Generally seen as one of the more eco friendly and sustainable options along with recycled toilet paper and bamboo toilet paper.
The electric bidet toilet seats might use slightly more energy and water than the non electric ones, and the small bidet attachments (without heated water or warm ary dry features).
One thing to note about bidets is that the footprint of their manufacture process often isn’t taken into account – plastic (made partly from petroleum) and metals (that are mined) could increase their eco and sustainability footprint.
Read more about sustainability related stats for bidets in this guide
– Regular Wet Wipes
May contain plastic fibres, be made with synthetic chemicals, may not biodegrade or compost properly, and is heavily linked with pipe blockages in countries like the US, UK and Australia (can costs hundreds or thousands and even millions of dollars or pounds to fix blockages, and this money could instead be going towards upgrading pipes instead).
Synthetic and non biodegradable or dissolvable wipes are linked to pollution (from synthetic chemicals), and other environmental issues.
– Natural Wet Wipes
May be made with natural fibres, be made with natural chemical, may only biodegrade or compost under certain conditions and may still take too long to break down compared to truly organic material, and may or may not properly dissolve in toilet water (meaning it might still be unsuitable for flushing).
How wet wipes are disposed of can make a difference
Read more about the potential sustainability of wet wipes in this guide
Regular toilet paper – might cost less than $1 a roll
Recycled toilet paper – might cost about $1 a roll
Bamboo toilet paper – might costly only slightly more than $1 a roll
– Bidet Attachments
Might cost on average $30 to $40 for a standard model (but can be more expensive for higher quality and more features).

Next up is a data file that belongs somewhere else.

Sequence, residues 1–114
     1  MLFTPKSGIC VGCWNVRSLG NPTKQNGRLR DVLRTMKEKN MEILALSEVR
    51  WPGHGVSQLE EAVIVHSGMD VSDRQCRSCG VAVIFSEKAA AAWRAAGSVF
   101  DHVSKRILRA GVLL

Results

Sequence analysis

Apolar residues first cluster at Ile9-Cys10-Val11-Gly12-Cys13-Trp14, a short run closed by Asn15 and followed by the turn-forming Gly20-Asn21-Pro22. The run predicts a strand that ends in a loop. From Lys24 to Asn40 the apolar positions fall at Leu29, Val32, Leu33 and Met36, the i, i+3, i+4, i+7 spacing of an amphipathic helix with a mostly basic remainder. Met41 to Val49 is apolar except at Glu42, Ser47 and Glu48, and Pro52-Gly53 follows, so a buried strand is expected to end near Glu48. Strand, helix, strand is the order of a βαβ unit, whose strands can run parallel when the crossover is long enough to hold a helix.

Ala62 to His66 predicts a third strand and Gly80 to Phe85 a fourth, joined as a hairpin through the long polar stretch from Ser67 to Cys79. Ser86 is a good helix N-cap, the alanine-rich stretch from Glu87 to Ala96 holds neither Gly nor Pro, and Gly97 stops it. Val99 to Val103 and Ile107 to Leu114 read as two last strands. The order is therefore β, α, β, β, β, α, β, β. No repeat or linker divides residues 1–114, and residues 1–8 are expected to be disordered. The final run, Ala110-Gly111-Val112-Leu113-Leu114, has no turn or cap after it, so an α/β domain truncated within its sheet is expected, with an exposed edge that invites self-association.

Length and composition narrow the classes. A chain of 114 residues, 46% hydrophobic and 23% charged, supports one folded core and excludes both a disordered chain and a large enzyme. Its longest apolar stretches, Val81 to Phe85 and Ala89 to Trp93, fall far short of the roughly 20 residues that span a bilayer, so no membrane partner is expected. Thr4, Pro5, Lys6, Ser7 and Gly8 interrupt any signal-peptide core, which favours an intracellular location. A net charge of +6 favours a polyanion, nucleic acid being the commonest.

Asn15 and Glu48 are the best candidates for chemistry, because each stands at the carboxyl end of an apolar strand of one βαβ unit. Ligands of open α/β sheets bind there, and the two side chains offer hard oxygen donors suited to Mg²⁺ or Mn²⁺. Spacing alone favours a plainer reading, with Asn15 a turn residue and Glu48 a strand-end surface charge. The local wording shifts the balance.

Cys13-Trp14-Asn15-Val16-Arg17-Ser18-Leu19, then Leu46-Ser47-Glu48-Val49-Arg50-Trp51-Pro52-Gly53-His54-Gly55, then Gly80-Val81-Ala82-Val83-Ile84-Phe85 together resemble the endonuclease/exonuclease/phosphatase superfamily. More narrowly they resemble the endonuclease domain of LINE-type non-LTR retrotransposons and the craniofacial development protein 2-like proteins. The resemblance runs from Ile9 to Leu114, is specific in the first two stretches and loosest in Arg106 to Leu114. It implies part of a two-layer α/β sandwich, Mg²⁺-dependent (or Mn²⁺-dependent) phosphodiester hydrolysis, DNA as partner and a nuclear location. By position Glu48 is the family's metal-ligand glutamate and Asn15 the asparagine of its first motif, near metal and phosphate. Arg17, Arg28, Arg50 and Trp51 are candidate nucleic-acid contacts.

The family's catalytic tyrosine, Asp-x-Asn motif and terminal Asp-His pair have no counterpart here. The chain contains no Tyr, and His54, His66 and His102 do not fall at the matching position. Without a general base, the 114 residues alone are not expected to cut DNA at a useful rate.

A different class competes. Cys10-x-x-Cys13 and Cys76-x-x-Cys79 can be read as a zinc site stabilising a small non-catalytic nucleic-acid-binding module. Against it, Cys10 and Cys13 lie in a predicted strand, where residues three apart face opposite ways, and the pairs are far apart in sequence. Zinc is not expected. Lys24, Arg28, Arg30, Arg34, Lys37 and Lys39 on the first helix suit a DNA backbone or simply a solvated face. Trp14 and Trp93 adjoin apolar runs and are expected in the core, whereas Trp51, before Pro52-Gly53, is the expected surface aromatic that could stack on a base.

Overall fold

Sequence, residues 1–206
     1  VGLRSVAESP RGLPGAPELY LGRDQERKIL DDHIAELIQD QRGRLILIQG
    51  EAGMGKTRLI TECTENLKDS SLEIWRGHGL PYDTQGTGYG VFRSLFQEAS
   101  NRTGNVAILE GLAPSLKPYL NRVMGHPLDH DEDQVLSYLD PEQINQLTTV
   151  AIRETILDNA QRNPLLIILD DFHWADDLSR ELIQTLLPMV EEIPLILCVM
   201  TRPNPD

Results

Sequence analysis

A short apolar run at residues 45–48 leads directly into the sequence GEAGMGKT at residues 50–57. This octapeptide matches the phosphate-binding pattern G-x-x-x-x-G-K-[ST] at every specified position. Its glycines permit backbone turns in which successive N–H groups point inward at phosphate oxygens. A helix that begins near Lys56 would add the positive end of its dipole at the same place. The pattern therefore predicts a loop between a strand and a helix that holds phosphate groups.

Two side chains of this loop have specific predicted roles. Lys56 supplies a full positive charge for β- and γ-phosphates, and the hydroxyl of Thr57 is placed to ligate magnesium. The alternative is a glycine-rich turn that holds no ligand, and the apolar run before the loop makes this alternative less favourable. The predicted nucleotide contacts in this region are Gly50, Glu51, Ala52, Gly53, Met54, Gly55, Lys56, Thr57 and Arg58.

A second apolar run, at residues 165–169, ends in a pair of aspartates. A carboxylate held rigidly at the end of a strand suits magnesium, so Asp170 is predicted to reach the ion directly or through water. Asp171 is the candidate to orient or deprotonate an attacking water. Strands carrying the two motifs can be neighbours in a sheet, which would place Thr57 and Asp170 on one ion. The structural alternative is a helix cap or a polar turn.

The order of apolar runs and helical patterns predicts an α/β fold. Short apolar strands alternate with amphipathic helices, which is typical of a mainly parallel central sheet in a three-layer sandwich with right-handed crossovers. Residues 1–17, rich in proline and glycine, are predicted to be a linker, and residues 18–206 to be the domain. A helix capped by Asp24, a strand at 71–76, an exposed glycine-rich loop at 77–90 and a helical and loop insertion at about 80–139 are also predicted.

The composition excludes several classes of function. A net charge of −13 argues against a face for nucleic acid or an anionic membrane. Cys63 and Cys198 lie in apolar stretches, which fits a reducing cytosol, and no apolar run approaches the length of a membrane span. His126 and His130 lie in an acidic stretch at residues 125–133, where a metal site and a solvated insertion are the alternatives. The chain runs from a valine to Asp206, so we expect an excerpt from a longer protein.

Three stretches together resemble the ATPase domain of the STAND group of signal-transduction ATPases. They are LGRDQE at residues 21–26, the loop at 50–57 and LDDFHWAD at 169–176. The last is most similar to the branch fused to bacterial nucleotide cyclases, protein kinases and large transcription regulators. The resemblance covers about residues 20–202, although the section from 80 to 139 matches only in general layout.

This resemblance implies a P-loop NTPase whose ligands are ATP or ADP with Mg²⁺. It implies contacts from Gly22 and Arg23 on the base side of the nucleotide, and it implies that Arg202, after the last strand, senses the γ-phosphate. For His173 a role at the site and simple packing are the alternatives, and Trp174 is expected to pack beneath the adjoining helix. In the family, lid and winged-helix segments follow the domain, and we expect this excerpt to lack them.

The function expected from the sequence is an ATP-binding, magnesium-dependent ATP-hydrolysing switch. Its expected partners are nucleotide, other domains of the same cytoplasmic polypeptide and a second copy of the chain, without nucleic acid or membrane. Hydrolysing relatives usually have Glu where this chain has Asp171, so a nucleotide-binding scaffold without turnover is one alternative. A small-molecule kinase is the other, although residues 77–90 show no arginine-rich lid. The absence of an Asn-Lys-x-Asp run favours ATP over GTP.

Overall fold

Attachments are easy to install, are portable, and can be used by people like renters
– Non Electric Bidet Toilet Seats
Might cost on average $100 for a standard model (but can be more expensive for higher quality and more features)
– Electric Bidet Toilet Seats
Might cost on average $250 for a standard model (but can be much more expensive up to thousands of dollars for higher quality and more features)
– Installation, Maintenance & Replacement Costs Of Bidets
Installation, maintenance and replacement costs have to be considered for bidets.
Some bidets can be installed in less than an hour with little upfront cost (except time), have little maintenance, and are cheap to purchase
Some bidets may require the services of a plumber to install though, and some bidets may be more expensive to purchase.
Some bidets might need a specific set up from the toilet it’s being installed on, so make sure to read the installation requirements before installing to make sure you’ve got everything you need for a successful install.
Some sources recommend to stay away from bidets with cheap plastic parts such as plastic screws and plastic t-connecter pieces, which might lead to product issues during use.
You can read a guide on how much it costs to operate a bidet at bidetking.com
Regular wet wipes – might be about 4 cents per wipe
Natural wet wipes – might be about 14 cents per wipe
How They Perform & Clean
Toilet paper moves feces, but can’t wet clean
Toilet paper absorbs urine
Bidets can wet clean feces and urine
Some bidets have air dry features that can also dry an area
Some people still use one or two bits of toilet paper to dry or as a final clean up after using a bidet
Subjectively, some people say bidets do a better job than toilet paper only, they feel cleaner afterwards and how clean you get will vary based on whether you use it in combination with toilet paper or not
Bidets could be helpful for women [during their period, and after sex]
Can move and wet clean feces and urine
Some people choose to still use one or two bits of toilet paper to dry or as a final clean up after using wet wipes